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United States Department of Agriculture

Agricultural Research Service

Title: Clostridium Difficile Prevalence in the Neonatal Pig Gut Is Reduced by Enteral Feeding Versus Parenteral Feeding

Authors
item Harvey, Roger
item Andrews, Kathleen
item Droleskey, Robert
item Kansagra, K - ARS CHILDREN'S NUTRITION
item Stoll, B - ARS CHILDREN'S NUTRITION
item Burrin, Douglas
item Genovese, Kenneth
item Edrington, Thomas
item Anderson, Robin
item Nisbet, David

Submitted to: Proceedings of the International Symposium on Digestive Physiology in Pigs
Publication Type: Abstract Only
Publication Acceptance Date: January 15, 2003
Publication Date: N/A

Technical Abstract: Pseudomembranous colitis and sepsis from Clostridium difficile have been associated with total parenteral nutrition (TPN) and high dosages of antibiotics in preterm human infants. In this study, we used a neonatal pig model and compared the effects of TPN versus enteral (ENT) feeding on intestinal bacterial colonization. Newborn, colostrums-deprived pigs (<24h old) were fitted with intravenous catheters and divided into two groups. One group (n = 13) received TPN through intravenous feeding and the second group (n = 14) was orally fed a commercial pig milk-replacer (ENT); the nutrient intake did not differ between groups. After 7 d of treatment, pigs were euthanized and jejunum (J), ilieum (I), and cecum (C) were evaluated using restrictive media and serial dilutions to determine the presence and concentrations of enteric bacteria. The ENT group had increased bacterial concentration and diversity of bacterial species compared to the TPN group. The J, I, and C in the ENT group were colonized by at least 7 species of enteric bacteria whereas the majority of isolates from the TPN group were Enterococci and Clostridia from the C. The ENT group had 1/14 positive samples for C. difficile toxin A whereas the TPN group had 5/13 C. difficile-toxin A positive samples. It is known that individual bacteria or yeasts or a mixture of GI tract commensals can suppress C. difficile populations and reduce morbidity and mortality from C. difficile in humans, mice, hamsters, and hares. On the basis of our results, we propose that the presence of gut nutrients in the ENT group enhanced the colonization of the GI tract with commensal bacteria and thereby suppressed the proliferation of C. difficile. We suggest that TPN reduced the onset of gut colonization, which in turn, favored the growth of C. difficile. TPN-treated neonates may be at a higher risk for colonization by C. difficile.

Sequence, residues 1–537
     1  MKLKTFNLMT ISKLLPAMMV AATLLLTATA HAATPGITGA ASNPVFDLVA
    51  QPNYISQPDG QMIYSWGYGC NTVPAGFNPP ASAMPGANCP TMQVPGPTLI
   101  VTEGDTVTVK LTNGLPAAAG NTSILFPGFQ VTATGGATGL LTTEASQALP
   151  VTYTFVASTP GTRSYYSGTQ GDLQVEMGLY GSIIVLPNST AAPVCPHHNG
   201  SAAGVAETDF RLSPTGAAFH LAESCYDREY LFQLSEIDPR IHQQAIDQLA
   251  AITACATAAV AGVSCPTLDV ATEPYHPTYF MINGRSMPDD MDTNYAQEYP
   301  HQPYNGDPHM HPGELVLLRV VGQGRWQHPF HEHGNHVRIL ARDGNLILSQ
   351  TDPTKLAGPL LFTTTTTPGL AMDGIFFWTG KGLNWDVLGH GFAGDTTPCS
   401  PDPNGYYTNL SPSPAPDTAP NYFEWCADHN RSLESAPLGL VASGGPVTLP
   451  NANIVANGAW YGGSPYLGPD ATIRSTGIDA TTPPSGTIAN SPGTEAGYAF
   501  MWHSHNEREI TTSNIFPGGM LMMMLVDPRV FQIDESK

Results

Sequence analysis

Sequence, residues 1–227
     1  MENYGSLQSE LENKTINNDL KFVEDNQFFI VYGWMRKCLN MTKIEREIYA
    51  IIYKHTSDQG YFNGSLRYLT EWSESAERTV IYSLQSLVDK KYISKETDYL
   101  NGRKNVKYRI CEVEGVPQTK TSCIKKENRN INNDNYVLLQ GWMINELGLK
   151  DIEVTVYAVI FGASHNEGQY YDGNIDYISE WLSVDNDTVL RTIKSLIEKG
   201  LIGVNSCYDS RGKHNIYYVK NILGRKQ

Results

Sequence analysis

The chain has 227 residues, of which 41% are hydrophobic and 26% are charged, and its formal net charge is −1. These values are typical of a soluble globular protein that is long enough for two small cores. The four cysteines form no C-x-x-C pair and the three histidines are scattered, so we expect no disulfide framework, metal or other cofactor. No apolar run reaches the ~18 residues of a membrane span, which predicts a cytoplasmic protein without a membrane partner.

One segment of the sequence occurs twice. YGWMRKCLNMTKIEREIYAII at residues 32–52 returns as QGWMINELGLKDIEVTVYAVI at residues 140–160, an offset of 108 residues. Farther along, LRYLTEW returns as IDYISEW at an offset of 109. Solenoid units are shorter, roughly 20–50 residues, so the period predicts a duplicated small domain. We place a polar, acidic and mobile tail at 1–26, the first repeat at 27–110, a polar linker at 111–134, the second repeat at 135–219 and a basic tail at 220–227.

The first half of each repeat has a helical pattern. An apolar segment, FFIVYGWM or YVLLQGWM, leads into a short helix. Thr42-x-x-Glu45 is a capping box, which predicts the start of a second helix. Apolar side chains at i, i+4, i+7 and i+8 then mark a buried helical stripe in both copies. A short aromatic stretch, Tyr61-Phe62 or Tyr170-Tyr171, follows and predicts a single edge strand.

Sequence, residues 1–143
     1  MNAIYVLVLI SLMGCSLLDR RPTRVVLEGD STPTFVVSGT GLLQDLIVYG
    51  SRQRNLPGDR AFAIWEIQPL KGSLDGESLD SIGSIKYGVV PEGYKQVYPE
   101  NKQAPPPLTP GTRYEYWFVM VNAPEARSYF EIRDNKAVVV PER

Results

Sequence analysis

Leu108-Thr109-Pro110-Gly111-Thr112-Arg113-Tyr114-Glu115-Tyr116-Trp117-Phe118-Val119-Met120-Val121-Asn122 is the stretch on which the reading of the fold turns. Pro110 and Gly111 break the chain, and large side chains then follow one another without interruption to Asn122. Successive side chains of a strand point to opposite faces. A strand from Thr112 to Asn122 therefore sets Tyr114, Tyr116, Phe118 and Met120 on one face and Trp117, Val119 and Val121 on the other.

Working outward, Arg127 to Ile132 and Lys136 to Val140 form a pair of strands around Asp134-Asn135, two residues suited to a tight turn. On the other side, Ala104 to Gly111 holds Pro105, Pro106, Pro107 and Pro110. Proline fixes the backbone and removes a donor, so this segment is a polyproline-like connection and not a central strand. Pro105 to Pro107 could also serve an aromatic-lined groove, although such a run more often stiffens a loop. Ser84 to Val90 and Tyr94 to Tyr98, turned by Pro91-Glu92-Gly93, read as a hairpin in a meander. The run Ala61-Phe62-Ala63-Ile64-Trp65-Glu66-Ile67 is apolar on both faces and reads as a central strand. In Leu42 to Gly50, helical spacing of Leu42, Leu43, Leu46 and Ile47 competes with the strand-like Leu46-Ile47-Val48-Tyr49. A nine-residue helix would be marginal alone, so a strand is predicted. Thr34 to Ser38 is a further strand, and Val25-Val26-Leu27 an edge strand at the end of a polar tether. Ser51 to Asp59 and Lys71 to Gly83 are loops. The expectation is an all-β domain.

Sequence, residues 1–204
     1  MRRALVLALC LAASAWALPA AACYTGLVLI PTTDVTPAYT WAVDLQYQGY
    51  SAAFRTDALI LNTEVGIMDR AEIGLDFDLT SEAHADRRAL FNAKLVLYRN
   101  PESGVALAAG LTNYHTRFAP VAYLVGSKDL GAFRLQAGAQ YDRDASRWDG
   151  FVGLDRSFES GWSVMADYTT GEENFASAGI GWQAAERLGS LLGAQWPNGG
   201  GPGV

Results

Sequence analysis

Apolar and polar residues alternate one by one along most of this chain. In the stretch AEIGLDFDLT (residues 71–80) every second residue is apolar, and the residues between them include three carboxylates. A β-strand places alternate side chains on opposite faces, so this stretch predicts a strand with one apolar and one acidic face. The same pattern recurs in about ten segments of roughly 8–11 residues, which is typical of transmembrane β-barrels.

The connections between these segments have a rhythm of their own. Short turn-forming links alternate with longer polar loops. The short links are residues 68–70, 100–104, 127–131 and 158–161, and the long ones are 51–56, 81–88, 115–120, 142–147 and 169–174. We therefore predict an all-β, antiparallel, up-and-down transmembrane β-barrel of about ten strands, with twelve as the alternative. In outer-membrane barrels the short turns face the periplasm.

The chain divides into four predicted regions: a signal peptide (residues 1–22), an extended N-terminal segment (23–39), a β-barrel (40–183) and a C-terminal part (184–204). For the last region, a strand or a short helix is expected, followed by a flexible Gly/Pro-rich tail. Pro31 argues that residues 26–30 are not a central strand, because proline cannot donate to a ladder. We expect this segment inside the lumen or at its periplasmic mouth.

Last Modified: 10/23/2014
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